Prime Minister Lee Hsien Loong’s press secretary Chang Li Lin has issued a letter to The Economist, in response to an opinion piece the magazine had written about the ongoing defamation case against Singapore blogger Roy Ngerng.
In it, she said, "You referred to an “alleged ‘serious libel’” by Roy Ngerng. This is not an allegation. Mr Ngerng has publicly admitted accusing Lee Hsien Loong, the prime minister, of criminal misappropriation of pension funds, falsely and completely without foundation. After promising to apologise and to remove the post, Mr Ngerng did the opposite; he actively disseminated the libel further. This was a grave and deliberate defamation, whether it occurred online or in the traditional media being immaterial.”
Ngerng is embroiled in a defamation suit initiated by PM Lee after posting an article that accused the latter of embezzling and misusing CPF funds via the vehicles of Temasek Holdings and the Government Investment Corporation, Singapore’s two key investment arms. He has since been fired from his job as a patient co-ordinator at Tan Tock Seng Hospital, a move which was backed by the Ministry of Health.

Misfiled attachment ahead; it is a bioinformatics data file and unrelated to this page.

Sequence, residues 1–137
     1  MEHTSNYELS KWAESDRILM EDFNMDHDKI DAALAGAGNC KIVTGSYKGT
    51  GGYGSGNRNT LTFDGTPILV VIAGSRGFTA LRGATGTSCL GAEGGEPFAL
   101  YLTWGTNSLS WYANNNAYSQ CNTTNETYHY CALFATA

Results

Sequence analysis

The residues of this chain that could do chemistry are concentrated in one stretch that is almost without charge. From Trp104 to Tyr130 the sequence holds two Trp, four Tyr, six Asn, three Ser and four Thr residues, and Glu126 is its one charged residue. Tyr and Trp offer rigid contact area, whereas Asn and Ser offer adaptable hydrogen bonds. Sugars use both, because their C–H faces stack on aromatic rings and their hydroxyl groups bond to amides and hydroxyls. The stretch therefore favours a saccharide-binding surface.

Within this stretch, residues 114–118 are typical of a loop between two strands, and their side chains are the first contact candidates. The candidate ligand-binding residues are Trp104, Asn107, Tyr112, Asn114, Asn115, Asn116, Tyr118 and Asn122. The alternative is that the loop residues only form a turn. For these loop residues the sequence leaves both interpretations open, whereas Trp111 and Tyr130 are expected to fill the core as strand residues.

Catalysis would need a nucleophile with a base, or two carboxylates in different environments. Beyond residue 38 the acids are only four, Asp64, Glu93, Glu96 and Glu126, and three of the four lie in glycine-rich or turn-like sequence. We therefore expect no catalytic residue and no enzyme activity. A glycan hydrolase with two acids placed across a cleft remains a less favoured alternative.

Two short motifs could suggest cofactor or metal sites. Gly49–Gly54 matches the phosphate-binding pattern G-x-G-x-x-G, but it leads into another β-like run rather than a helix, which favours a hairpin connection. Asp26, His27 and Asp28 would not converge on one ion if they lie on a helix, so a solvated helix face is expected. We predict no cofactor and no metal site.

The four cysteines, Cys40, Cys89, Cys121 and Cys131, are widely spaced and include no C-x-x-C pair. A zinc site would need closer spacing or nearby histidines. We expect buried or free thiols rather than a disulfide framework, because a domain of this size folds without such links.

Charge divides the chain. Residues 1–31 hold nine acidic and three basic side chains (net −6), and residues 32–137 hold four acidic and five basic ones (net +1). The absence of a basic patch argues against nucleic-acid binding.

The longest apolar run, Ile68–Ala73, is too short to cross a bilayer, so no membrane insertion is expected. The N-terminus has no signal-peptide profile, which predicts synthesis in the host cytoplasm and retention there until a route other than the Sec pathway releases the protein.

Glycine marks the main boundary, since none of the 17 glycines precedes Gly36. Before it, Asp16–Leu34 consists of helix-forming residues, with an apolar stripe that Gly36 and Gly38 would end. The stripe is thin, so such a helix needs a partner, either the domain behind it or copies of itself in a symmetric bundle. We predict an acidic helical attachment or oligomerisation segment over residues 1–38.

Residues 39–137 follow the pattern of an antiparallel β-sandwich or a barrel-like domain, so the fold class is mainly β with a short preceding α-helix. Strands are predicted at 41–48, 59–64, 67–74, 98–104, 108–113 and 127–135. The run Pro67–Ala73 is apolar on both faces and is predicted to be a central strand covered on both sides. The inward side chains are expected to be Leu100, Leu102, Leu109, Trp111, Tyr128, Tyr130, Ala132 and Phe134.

In its piece, The Economist had written, "The alleged “serious libel” was made on Mr Ngerng’s blog on May 15th. Mr Lee’s lawyer argued that an article he posted about the Central Provident Fund (CPF), a compulsory-savings scheme to provide for Singaporeans’ retirement, accused the prime minister of “criminal misappropriation of the monies paid by Singaporeans to the CPF”.
"Mr Ngerng has removed the offending post and apologised, and offered Mr Lee 5,000 Singapore dollars ($4,000) in damages—an offer his lawyers dismissed as “derisory”. But he has continued writing about the CPF and, on June 7th, spoke at a rally at Singapore’s “Speakers’ Corner” that took for its slogan “Return our CPF!”.”
To this, Chang added in her letter, "What is at stake is not any short-term positive or negative impact on the government, but the sort of public debate Singapore should have. When someone makes false and malicious personal allegations that impugn a person’s character or integrity, the victim has the right to vindicate his reputation, whether he is an ordinary citizen or the prime minister. The internet should not be exempt from the laws of defamation. It is perfectly possible to have a free and vigorous debate without defaming anyone, as occurs often in Singapore.”